Walking a Cat

When I was younger I had this cat that I just adored. He was so cool. His name was Marbles because of his appearance, but ever since that "fat cat" phase we called him Bubba. Well, Bubba was an outdoor cat with full freedom to roam the neighborhood. In fact, he'd lay in the middle of the street. I remember hearing the neighbors yell "Bubba get out of the road!" as they would slowly drive around him. Well, it was my bright idea, that even though Bubba could walk outside as he pleased, that I should walk him. Yes. I should get a leash with a full harness, strap it all on him, and prance him up and down the sidewalk. The same sidewalk that he already walked, independently.

Well, I don't know if you've ever tried to put a cat on a leash before - but it was wild. Bubba bucked like a ticked off horse, hissed at the slightest touch of the harness. I carried him outside, all harnessed up, and when I put him on the sidewalk it looked as though all of his legs were broken. If a cat could tiptoe - he was definitely showing me how. He stood still for a moment, and then just went berserk - circling around and whipping his paws at the leash. I was sure that he was going to crawl up the thin red fabric between us. It wasn't natural. He wanted free and unharnessed and able to explore ... without the hinderance of my pesky leash.

This is a lot like the last weeks of school. Kids are free and playful and fun, and they can smell summer break like a bear can smell fear. Students have never been so keen to their surroundings as when they can sense the ripeness of the year fresh on their teachers' skin. They can sniff out the moment when their teacher is daydreaming and completely disrupt the rest of the day. So, I spend the last few weeks walking the cat. I try to harness their freedom that they know is SO CLOSE. They start to lose focus and restraint and good sense. So we strap on the harness and place them on the path.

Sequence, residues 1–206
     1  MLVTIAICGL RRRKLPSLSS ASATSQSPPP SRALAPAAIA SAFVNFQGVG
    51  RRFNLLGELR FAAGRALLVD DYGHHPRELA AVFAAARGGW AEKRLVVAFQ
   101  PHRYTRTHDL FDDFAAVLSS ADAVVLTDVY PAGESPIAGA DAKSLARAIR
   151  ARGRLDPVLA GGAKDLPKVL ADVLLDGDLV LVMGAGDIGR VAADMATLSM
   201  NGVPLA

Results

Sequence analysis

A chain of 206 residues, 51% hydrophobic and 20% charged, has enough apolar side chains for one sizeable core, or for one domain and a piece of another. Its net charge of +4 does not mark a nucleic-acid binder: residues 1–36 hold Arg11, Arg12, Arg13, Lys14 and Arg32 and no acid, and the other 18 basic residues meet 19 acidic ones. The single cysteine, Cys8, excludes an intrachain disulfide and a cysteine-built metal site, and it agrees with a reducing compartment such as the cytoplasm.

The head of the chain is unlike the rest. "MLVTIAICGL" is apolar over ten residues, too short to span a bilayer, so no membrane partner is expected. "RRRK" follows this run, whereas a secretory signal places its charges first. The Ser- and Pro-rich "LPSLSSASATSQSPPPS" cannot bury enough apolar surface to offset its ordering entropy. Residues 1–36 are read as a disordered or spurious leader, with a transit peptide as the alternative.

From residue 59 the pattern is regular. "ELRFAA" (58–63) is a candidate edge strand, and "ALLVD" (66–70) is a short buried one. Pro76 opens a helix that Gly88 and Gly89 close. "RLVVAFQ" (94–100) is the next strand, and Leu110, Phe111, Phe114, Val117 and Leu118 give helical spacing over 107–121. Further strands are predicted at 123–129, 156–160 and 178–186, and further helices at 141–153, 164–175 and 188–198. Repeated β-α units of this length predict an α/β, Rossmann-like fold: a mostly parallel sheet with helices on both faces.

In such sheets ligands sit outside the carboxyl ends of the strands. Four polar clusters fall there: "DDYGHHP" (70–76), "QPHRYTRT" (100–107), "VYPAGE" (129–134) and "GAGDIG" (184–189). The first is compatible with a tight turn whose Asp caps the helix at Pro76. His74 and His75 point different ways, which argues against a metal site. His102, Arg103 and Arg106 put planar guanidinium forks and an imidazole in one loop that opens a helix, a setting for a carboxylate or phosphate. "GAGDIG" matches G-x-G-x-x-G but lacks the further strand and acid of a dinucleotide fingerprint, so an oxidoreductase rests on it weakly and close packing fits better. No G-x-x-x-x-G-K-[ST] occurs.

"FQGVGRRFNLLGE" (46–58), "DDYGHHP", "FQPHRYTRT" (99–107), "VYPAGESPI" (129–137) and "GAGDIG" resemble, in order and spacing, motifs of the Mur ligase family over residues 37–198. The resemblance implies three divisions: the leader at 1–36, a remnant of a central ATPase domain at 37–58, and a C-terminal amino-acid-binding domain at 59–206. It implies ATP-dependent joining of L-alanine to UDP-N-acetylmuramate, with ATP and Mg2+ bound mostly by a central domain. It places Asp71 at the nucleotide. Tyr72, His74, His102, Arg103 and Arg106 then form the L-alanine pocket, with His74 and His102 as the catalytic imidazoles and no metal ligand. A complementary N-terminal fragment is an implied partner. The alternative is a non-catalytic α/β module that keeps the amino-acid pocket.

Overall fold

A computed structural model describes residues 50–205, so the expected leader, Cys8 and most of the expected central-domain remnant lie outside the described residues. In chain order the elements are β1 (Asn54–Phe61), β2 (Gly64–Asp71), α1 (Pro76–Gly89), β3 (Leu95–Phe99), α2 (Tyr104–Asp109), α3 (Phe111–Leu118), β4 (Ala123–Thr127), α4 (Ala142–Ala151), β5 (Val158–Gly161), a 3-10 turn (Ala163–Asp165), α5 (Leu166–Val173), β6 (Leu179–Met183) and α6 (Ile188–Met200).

What they don't know is that we're right there with them. We may be trying to keep them restrained for the little while we have left with them, but inside we are playing outside, daydreaming, and losing our own good sense.

Even with the pain of trying to keep them calm, this is my favorite time with the students. We laugh, have fun, and learn all without the pressure of testing. We can do experiments and we have time to explore things we aren't normally able to, due to curriculum restraints. It's a great way to end a year... seeing the students laughing and learning and having a great time. Definitely better than walking the cat.

1 comment:

organized chaos said...

This is a brilliant post. It sums it up perfectly!